• Plain reading of the provision suggests that the exit price would be capped at the RoE. Whilst it is not clear, it appears that the RoE formula should be interpreted to mean principal plus the RoE. That is to say, if the invested amount was INR 100, and the company generated profits of INR 20 each year for five years, leading to a hypothetical net worth of 200, th e RoE would be equal to the prof its of the sixth year divided by 200. If the profit after tax in the sixth year were INR 20, the RoE would be 20/200 or 10%. Accordingly, the exit price for the foreign investor would be capped at INR 110, which clearly may not be reflective of the FMV of the instrument.
  • The formula for determining the exit price seems to be at complete odds with the pricing suggested for convertibles (any internationally accepted valuation methodology), listed equity shares (ruling market price), or even shares and convertibles without optionality attached (discounted cash flow valuation), which are likely to be much closer to FMV than the RoE methodology.
  • For instance, if the formula is applied, accumulated profits only decrease the RoE. The formula also leaves the exit price contingent on the last audited balance sheet, which may have unintended and distortionary consequences. For example, if the put option is to be triggered after a fixed period of time (being five years, in the above example), and the co mpany incurs a loss in the sixth year, on a conservative basis, the exit price may be capped at a price lower than the investment amount.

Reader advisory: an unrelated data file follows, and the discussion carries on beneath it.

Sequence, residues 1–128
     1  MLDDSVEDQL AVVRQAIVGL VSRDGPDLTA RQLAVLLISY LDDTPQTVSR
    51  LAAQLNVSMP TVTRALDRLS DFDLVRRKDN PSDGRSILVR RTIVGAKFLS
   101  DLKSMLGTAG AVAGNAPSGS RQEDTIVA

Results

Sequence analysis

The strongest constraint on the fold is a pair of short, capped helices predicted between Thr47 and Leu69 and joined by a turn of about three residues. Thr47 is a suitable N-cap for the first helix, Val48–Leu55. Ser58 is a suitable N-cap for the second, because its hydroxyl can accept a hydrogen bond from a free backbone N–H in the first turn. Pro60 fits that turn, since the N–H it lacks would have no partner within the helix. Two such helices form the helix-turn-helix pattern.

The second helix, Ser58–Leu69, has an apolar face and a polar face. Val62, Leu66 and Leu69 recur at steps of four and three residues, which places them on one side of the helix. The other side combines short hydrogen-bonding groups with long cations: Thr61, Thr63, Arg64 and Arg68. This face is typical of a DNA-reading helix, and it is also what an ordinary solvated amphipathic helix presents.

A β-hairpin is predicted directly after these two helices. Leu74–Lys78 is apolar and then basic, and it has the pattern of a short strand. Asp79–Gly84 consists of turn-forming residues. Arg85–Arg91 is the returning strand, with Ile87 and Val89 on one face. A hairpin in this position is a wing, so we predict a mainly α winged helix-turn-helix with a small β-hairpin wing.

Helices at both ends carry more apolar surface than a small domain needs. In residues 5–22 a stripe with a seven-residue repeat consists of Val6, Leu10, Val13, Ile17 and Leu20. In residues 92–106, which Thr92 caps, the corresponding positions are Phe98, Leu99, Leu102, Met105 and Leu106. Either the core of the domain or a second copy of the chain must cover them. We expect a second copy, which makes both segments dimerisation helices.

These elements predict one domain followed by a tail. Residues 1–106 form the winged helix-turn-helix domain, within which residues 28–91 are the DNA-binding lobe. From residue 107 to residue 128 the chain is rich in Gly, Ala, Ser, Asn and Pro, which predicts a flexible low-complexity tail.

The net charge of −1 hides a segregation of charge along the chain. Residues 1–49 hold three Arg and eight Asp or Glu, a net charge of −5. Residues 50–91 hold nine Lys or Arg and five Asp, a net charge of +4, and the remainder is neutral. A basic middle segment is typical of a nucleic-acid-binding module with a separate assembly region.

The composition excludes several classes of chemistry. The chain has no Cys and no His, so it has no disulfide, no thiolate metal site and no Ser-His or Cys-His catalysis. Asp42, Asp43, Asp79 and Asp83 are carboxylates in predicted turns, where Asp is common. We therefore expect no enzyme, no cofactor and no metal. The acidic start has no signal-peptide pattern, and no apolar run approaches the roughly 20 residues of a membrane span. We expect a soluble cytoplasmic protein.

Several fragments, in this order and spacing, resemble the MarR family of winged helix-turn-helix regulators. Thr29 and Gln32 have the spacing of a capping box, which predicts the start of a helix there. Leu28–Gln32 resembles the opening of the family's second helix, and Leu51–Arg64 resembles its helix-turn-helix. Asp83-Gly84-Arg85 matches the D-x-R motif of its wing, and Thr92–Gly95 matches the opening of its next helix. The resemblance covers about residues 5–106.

• If the put option is tied to an event of default, the valuation mechanism may have unintended consequences as the default may have an impact on the profitability of the company in the year of exit.
  • Requiring an exit at RoE is clearly ambiguous. Ideally the RoE can only be the basis to compute the exit price. To that extent, it remains to be seen if the RBI will permit the exit price on equity shares with optionality attached to be a variable of the RoE that brings the exit price closer to FMV, just as in case of convertibles and listed shares

4. Determination of price of convertibles securities

  • The Amendment provides the exit price for convertibles upon exercise of put option should be a price determined based on international accepted pricing methodology, as dete rmined by a SEBI registered merch ant banker or chartered accountant.
  • This valuation mechanism is likely to provide more flexibility to investors at the point of exit, and hence going forward we may see investors preferring more of convertible securities as compared to equity shares for their investments in Indian companies. Having said this, it is unclear why different valuation mechanisms were believed to be required for equity shares and compulsorily convertible securities, which are in any case treated on the same footing and subject to DCF cap on an as if converted basis under the current regulatory regime.